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A rude awakening

Why it's necessary to lock your doors, even in Missoula

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Courtney Hodek never really worried about locking her doors. In fact, she and her husband, Mark, got used to sharing just one key to their one-story house on South Fourth Street. The thought crossed her mind that the arrangement could prove problematic, but like a lot of Missoula residents she felt safe enough.

"I remember thinking to myself, 'This is going to bite me in the ass someday,'" she says.

Hodek didn't always live in Missoula. Originally from Chicago, she moved in 1997 to study recreation management at the University of Montana. After graduating, she worked for the Forest Service in California before moving back to Missoula, where she has lived for the past four years. During that time, she and Mark had a daughter, Kira.

On the morning of Nov. 19, 2012, Hodek woke around 8 with Kira in the bed next to her. Although she would rather have her 2-year-old sleep in her own bed, Kira still managed to snuggle her way in with her parents most nights.

On this particular Monday, Mark had left about an hour earlier to go trapping. Thinking nothing of it, he didn't lock the door behind him when he left.

"We lock our doors at night, but we are definitely not the best at locking them during the day," Hodek says. "If we were up at 7 and he left, I wouldn't have locked the door."

Kira, ready to get up, got out of bed and went into the living room. A minute later, she came running back into the bedroom, a scared look on her face and arms reaching up toward her mother. Hodek, thinking her daughter was just pretending to be scared—a "phase" she had been going through lately—didn't take her reaction too seriously.

"Oh, are you scared?" she remembers asking playfully. Kira nodded, stretching her arms higher. "Oh, you know I'll always hold you if you're scared."

A few minutes later, Hodek stepped outside the bedroom herself and realized her daughter was not pretending. A man who Hodek didn't know lay sprawled across her couch, face up and passed out. Having pulled his pants down around his ankles before falling asleep, he still held his genitals in his right hand and a bottle of vitamin E oil in the other.

The man was Shane Roy Davis, a 37-year-old schizophrenic whom police had picked up around town before.

"Ohmygod, ohmygod, ohmygod," Hodek remembers saying. She glanced at her cellphone lying on the coffee table next to Davis, but not wanting to wake him up, did not try to grab it.

Courtney Hodek and her 2-year-old daughter woke up in November to a stranger asleep on the living room couch. - PHOTO BY CATHRINE L. WALTERS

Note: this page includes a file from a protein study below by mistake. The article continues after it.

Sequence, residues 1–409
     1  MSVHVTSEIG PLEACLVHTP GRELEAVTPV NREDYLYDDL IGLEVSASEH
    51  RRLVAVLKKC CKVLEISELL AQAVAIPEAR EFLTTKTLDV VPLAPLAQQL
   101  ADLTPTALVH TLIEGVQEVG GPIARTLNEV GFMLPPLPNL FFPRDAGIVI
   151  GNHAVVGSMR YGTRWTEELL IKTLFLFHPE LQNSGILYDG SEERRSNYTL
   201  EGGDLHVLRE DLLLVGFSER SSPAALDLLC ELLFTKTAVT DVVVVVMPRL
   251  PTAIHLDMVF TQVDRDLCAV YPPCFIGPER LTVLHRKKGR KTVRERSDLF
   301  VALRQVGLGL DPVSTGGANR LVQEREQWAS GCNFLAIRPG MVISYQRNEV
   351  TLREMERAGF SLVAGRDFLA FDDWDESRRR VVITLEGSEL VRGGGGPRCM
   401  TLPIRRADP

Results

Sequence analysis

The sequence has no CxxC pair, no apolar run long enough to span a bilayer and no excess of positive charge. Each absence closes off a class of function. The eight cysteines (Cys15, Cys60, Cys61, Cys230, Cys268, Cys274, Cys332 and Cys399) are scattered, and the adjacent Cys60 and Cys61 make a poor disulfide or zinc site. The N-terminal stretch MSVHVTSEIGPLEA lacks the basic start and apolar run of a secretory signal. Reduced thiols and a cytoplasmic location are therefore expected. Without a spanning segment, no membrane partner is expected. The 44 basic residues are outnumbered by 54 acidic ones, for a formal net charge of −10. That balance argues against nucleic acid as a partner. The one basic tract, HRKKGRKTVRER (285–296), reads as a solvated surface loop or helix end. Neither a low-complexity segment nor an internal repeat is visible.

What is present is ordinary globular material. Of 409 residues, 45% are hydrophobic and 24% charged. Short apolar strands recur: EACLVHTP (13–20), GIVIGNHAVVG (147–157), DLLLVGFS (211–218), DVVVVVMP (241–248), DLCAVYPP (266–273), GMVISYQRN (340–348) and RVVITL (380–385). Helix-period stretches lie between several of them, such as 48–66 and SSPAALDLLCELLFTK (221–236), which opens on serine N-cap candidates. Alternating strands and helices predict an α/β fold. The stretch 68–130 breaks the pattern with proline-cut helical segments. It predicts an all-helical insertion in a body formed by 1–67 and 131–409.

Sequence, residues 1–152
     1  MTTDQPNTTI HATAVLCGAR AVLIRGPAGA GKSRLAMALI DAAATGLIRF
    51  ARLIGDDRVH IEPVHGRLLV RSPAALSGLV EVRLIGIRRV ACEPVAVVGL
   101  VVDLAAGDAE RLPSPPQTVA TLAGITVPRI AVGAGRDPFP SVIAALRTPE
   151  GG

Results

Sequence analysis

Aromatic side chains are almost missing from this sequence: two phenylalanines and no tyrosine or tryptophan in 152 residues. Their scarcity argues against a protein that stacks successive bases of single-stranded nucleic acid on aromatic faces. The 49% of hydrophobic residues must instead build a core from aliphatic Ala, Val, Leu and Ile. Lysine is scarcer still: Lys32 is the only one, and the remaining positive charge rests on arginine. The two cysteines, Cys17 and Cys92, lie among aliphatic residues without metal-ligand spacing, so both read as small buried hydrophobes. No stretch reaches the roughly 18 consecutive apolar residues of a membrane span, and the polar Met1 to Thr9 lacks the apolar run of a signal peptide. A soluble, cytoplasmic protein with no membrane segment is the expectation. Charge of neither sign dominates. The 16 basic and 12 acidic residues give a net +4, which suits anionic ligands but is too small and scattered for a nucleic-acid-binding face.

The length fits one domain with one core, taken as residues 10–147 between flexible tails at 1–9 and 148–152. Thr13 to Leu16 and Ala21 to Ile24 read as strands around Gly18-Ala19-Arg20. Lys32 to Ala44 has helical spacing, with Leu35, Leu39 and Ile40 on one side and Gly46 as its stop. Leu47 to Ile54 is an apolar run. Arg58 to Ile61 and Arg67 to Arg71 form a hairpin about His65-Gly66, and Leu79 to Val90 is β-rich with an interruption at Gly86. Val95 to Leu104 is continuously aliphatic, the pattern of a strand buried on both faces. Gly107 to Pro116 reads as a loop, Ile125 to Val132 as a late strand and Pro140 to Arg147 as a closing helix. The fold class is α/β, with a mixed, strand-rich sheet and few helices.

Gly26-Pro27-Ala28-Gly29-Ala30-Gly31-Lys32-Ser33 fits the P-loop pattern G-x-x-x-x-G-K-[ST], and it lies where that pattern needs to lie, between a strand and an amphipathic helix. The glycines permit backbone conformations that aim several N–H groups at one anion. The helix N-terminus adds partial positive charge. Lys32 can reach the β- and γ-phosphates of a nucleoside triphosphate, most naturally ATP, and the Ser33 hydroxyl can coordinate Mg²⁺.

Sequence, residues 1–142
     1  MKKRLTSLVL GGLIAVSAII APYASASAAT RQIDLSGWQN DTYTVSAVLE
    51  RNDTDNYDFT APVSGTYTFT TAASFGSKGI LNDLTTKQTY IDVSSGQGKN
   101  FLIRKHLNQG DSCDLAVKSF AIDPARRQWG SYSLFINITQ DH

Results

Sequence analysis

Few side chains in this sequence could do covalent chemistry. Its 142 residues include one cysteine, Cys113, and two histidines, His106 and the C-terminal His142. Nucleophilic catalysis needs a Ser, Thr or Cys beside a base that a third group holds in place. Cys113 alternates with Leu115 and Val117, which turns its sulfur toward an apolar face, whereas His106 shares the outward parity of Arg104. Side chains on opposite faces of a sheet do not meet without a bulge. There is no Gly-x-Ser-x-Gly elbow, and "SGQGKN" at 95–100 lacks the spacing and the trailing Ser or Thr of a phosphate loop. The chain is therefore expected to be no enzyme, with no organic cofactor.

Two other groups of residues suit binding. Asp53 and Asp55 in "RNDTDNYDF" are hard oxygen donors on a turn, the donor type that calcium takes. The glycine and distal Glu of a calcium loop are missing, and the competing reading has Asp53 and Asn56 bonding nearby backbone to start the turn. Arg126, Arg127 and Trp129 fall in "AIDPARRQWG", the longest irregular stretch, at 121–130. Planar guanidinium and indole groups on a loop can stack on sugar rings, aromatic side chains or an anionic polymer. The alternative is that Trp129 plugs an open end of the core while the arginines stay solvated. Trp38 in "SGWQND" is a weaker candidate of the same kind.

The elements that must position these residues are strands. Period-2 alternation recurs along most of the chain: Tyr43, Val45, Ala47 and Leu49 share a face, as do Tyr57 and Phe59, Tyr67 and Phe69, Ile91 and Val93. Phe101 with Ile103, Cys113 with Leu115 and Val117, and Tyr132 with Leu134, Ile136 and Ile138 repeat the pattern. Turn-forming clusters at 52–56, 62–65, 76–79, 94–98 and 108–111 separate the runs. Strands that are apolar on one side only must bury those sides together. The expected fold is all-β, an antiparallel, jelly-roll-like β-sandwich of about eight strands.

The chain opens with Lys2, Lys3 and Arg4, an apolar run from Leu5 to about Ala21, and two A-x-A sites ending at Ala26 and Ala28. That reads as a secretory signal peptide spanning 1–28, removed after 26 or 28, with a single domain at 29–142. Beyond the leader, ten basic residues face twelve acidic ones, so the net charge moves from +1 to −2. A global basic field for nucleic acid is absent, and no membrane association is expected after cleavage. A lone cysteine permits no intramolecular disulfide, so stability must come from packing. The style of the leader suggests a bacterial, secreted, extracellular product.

• photo by Cathrine L. Walters
  • Courtney Hodek and her 2-year-old daughter woke up in November to a stranger asleep on the living room couch.

"I wanted no confrontation with him. I had no reason to ask him what he was doing there. I had no reason to go get a gun. It was just: I need to get out of here," she says. "I need to grab a hold onto [my daughter], not make any noise, or scream, and not start crying because I didn't want to scare her anymore. And just get out."

Hodek signaled for her black lab, Bull, to follow her but quickly gave up and fled through the front door with Kira. She flagged down a neighbor she didn't know well leaving her house across the street. "I need your phone, I need your phone!" Hodek remembers saying. "Call 911!" Her neighbor had to leave but allowed Hodek to call police from her house. Two cop cars showed up about five minutes later.

Officer Craig Serba stopped briefly to talk to Hodek, who was still in her nightclothes and holding her daughter. Then he and officer Brian Vreeland went inside. Vreeland woke Davis. The man got up from the couch and fought Vreeland and Serba's efforts to handcuff him. In the scuffle, Davis tripped over his pants and fell against the wall of the living room. The three emerged a few minutes later, Davis yelling and struggling before being shoved into the police car. Hodek, trying to keep her daughter from seeing what was going on, had walked a little way down the street. Davis said he did not know Hodek or where he was, but that he had permission to sleep there.

The officers were able to identify Davis from his Social Security card and because of the familiar guitar and small amplifier he left behind in Hodek's living room. Davis was charged with felony burglary, punishable by 20 years in prison or a $50,000 fine, and misdemeanor resisting arrest and a first offense of indecent exposure. Also on his record are charges for carrying a concealed weapon, criminal mischief and disorderly conduct.

Davis' case is currently making its way through the Missoula County District Court. He and his attorney requested a second evaluation of Davis' mental health during a May 1 hearing. Davis had previously been admitted to the Montana State Hospital in Warm Springs.

After the incident, Hodek says about 10 people she talked to mentioned stories of people coming into their homes, but most times it was just a drunk college student. Since waking up to find Davis in her living room, Hodek says she's made changes to ensure her family's safety. She and her husband are better about locking their doors, even during the day. They replaced their locks and made sure they had more than one house key. And Hodek has also considered different escape routes from their house in case of another emergency.

Hodek says her daughter, however, did not seem to be affected by the event.

"Thankfully, I remained really, really calm," Hodek says. "She was actually a perfect age. If she was any bit older, she probably would have been asking questions, but she didn't ask any questions, so I never brought it up."

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